Legal Reviews: Federal Water Reform Act Spurs Development

  • December 20, 2014
  • • Written by: Mr. Charles Noel Schilke

Volume 39, Number 3
Winter 2014
By Charles Noel Schilke, JD, AM, CRE, FRICS

On June 10, President Obama signed the Water Resources Reform and Development Act (WRRDA) into law. The $12.3 billion WRRDA (U.S. Public Law 113-121) provides broad authorization for U.S. Army Corps of Engineers water infrastructure projects. The act makes funds available for a variety of water projects that facilitate real estate development and enable the water infrastructure of existing communities to function more efficiently.

WRRDA authorizes a Water Infrastructure Finance and Innovation Authority (WIFIA), which provides loans for water projects separate from the long-standing state revolving fund (SRF) program. WIFIA is modeled on the popular Transportation Infrastructure Finance and Innovation Authority.

WIFIA loans will enable municipalities to execute the “repair, rehabilitation, or replacement” of a community water system or treatment works, construct desalination infrastructure, and enhance the energy efficiency of a water system. WIFIA may also fund any project eligible for the SRF program. The program will reduce the so that communities may repair and expand water systems at lower cost to water users and taxpayers than would otherwise have been possible.

WIFIA provides that the Corps and the Environmental Protection Agency (EPA) may each lend $175 million in low-interest loans over five years for water and wastewater projects expected to cost at least $20 million. If fully funded, after selecting borrowers through a competitive process, the Corps and the EPA together could leverage this to offer $3.5 billion worth of loans over a five-year period.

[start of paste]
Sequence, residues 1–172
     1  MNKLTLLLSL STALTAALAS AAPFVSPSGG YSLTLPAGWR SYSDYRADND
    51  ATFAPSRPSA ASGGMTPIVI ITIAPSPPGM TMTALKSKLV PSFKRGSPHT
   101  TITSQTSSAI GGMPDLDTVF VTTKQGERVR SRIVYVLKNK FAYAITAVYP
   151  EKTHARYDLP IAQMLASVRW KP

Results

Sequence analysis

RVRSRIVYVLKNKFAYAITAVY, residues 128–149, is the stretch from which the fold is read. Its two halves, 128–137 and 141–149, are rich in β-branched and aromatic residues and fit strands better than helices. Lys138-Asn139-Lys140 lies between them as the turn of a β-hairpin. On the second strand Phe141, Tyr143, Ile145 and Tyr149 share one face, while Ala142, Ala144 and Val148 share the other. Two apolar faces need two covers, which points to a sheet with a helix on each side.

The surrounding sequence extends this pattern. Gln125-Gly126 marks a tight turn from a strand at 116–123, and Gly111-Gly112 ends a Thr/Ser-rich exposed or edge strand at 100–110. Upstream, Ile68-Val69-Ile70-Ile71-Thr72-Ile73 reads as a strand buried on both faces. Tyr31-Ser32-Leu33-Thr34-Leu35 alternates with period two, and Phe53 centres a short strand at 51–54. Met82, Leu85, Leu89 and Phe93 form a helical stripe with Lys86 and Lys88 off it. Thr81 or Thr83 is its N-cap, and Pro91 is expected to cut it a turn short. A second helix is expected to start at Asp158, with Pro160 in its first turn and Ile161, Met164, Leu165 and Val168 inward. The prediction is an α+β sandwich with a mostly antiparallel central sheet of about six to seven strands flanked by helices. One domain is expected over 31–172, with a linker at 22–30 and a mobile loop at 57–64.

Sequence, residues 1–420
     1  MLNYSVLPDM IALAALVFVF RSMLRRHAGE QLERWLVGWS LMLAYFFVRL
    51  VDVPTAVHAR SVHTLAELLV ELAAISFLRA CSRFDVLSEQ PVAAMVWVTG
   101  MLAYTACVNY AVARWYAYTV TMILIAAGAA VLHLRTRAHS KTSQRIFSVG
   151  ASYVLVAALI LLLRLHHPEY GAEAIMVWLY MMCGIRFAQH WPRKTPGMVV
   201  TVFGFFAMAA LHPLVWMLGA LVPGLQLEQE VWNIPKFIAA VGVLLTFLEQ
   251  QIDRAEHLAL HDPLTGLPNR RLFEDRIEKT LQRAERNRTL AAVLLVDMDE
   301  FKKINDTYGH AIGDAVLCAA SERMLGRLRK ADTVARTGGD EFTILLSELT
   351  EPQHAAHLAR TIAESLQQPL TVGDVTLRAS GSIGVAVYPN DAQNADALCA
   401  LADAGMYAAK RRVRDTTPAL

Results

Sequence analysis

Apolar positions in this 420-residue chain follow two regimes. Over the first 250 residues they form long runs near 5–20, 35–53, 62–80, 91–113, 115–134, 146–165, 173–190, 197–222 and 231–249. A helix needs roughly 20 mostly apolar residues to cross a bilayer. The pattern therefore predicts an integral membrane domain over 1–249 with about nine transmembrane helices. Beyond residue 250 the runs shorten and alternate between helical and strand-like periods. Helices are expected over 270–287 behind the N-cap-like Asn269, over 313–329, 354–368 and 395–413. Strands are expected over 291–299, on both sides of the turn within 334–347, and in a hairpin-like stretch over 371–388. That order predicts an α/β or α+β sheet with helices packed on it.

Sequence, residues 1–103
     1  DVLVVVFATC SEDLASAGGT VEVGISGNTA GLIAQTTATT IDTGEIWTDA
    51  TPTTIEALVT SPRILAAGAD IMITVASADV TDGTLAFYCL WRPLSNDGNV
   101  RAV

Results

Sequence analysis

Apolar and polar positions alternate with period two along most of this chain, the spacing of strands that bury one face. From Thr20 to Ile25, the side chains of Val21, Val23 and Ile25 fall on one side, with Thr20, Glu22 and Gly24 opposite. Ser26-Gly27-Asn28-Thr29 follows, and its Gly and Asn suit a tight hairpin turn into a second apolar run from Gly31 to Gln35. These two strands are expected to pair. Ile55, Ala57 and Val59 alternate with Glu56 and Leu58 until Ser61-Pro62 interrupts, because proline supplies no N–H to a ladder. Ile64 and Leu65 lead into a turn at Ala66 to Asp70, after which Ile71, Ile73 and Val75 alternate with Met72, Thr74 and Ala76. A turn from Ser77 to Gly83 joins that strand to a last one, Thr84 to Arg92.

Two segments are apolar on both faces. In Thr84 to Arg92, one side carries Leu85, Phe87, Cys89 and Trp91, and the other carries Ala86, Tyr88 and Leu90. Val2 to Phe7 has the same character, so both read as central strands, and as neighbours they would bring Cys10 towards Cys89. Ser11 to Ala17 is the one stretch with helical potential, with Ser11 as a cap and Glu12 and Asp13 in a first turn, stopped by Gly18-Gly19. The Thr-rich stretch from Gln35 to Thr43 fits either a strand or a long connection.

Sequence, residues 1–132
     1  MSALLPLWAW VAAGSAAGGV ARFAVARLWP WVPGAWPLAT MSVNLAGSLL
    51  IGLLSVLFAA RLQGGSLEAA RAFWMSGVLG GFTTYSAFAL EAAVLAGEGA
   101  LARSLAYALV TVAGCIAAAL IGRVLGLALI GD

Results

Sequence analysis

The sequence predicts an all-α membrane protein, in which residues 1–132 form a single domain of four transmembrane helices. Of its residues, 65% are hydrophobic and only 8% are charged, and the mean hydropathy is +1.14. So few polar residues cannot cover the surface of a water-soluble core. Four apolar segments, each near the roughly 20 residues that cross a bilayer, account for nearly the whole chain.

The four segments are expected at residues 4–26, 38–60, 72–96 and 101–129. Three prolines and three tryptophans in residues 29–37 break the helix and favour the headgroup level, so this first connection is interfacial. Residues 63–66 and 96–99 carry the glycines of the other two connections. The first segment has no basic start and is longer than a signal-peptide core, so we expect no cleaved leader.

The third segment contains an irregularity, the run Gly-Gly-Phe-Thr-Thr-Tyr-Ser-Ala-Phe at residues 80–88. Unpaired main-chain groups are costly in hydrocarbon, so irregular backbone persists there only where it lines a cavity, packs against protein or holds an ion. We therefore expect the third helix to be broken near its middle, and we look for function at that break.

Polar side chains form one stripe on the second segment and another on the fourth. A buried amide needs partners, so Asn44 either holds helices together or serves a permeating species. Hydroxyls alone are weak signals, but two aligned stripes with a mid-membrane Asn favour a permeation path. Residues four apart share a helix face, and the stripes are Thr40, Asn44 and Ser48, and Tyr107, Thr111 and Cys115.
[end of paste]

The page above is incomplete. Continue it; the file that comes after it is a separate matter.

However, Congress provided that WIFIA must deny funding if a state plans to lend an equal or greater amount of SRF funds to a given project in a single year. Congress further mandated that 15 percent of each year’s WIFIA appropriation be reserved for lending to small community water system projects.

Congress also limited WIFIA funding to 49 percent of project costs, and prohibited additional tax-exempt financing, such as general obligation and revenue bonds, for the residual project costs. This prohibition effectively prevents communities from combining WIFIA funds with tax-exempt debt to pay 100 percent of project, reducing the impact of WIFIA in facilitating infrastructure development and repair.

Still, WRRDA and WIFIA constitute the first true appropriations bill for Corps water infrastructure since 2007, and should significantly alleviate the dearth of funding in this area for many communities. ■